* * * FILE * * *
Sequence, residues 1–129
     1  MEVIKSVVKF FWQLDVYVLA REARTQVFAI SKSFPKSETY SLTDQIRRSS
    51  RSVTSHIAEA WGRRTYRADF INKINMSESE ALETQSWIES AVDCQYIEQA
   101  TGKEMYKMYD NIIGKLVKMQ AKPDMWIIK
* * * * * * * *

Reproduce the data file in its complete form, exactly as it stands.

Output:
Sequence, residues 1–129
     1  MEVIKSVVKF FWQLDVYVLA REARTQVFAI SKSFPKSETY SLTDQIRRSS
    51  RSVTSHIAEA WGRRTYRADF INKINMSESE ALETQSWIES AVDCQYIEQA
   101  TGKEMYKMYD NIIGKLVKMQ AKPDMWIIK